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Exploring the History of Eleuthera Island

Just east of Nassau, Eleuthera Island sits peacefully between the Caribbean Sea and the Atlantic Ocean. This narrow, 110 mile-long stretch of land boasts a warm pleasant climate and spectacular beaches. Its interesting past features European explorers, the New World’s first republic, and even an early visit by Christopher Columbus. The history of Eleuthera Island inspires, entertains and intrigues travelers from all corners of the world.

History of Eleuthera IslandOriginal Settlers
Arawaks populated the island prior to 1550, as recent excavation work has uncovered native remains that speak of a settlement established well before the Europeans arrived.  Legend has it that the famous explorer Christopher Columbus visited the island before heading to the West Indies. If the stories are true, he would have undoubtedly met a tribe of Awaraks living in the north end of the main island.

The Eleutherian Adventurers
Puritan pilgrims from Europe named the Eleutherian Adventurers arrived in the islands of the Bahamas in 1648. They settled on this particular piece of land, renaming it Eleuthera after the Greek word for “free.” The island’s original native name was Cigatoo.

Preacher’s Cave, a spot on the northern part, features prominently in the history of Eleuthera Island. After exploring the other island’s regions, it was here that the Adventurers first sought shelter, perhaps near or even on top of the native Arawak settlement. Eventually, the group established themselves near Governor’s Harbour and Cupid’s Cay, the site of their initial landing.

The Adventurers received support from American Puritans, most likely those that had chosen Massachusetts for their home. As a gift of gratitude, the Eleutherian Adventurers sent braziletto wood, which was considered highly valuable at the time, to Harvard University.  They drew up a constitution that still hangs proudly in Nassau’s Parliament Buildings; it established the first republic in the New World. Decades before the Revolutionary War and American Independence, this small colony of Europeans founded a government that carved out the very identity of the New World.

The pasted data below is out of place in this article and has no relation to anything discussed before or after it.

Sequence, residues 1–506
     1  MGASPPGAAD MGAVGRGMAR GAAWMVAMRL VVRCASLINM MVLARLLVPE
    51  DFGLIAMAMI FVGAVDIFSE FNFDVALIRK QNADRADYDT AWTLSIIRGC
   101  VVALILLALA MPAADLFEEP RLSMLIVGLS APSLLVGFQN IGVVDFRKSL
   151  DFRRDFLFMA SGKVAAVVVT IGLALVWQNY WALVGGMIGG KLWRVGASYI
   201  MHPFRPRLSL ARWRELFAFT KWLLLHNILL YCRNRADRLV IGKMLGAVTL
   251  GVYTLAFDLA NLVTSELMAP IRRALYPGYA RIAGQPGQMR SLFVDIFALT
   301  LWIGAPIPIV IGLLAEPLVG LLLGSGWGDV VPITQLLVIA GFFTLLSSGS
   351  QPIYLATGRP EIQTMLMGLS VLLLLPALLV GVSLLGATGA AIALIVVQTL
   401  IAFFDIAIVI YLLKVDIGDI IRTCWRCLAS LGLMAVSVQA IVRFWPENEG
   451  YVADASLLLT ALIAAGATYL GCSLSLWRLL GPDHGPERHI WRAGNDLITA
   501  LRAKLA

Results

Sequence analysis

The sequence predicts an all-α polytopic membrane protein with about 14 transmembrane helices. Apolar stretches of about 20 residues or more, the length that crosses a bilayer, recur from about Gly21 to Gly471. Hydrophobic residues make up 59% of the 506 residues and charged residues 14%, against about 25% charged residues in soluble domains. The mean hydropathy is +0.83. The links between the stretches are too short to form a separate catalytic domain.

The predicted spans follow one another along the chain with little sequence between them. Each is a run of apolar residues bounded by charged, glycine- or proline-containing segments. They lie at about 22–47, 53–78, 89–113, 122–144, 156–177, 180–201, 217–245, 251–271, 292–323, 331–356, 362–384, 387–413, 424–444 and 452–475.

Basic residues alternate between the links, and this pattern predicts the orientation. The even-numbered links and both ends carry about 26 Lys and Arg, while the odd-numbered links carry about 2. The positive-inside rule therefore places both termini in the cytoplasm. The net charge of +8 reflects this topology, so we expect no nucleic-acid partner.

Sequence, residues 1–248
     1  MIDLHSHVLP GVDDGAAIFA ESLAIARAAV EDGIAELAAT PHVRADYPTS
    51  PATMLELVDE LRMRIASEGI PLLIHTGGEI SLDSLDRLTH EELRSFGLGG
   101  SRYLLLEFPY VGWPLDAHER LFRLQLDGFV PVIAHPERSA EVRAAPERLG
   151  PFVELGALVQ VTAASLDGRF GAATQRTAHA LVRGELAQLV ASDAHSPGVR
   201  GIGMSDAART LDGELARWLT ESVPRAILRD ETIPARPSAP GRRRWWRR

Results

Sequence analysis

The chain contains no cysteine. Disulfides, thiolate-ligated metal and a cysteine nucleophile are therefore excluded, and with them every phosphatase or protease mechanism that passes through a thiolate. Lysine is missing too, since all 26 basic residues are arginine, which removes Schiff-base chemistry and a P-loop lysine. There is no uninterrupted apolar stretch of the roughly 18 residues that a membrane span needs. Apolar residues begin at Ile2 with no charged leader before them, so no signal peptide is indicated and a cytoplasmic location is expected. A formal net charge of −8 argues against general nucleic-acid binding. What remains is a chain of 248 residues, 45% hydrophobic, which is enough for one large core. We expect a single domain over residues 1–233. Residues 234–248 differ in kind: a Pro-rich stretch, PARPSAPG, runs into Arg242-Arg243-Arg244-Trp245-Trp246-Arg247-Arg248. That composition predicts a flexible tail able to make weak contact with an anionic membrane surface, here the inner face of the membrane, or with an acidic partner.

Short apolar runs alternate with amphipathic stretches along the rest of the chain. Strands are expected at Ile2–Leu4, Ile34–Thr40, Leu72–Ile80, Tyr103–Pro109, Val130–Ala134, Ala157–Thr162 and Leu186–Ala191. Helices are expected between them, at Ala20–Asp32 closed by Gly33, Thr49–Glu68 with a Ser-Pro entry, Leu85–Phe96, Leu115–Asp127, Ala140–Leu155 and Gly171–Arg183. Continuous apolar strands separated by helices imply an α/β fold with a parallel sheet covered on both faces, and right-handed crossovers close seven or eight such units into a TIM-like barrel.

History of the Offshore Spots
Harbour Island, just offshore, remains a major settlement of Eleuthera Island today. It was once regarded as the summer Bahamian hot spot, second only in population and importance to Nassau. Today, the beautiful architecture of 18th century homes built in the New England style can still be admired along the sandy beaches.

On the other side of the main island, north of Harbour Island, lies Spanish Wells. Crawfishing became well established in this area, and a local museum boasts of the seafaring existence of many resident families of the past.

Windermere Island is famous as a home for the rich and powerful. Rumor has it that no one can access the precious island on the eastern side of Eleuthera without an invitation or appointment. The Prince and Princess of Wales visited Windermere back in the early 1980’s, and it’s highly likely that other celebrities have toured the small island since then.

Nature Leaves Its Mark
The history of Eleuthera Island includes its magnificent landscape. Many say that the gigantic rocks lining the beaches, as well as the majestic cliffs, are a result of tsunamis that occurred thousands of years ago.  As residents and visitors appreciate the serene beauty and unspoiled landscape of this island, nature continues to shape it. But the people remain as wonderful and colorful as ever – and unchanged.


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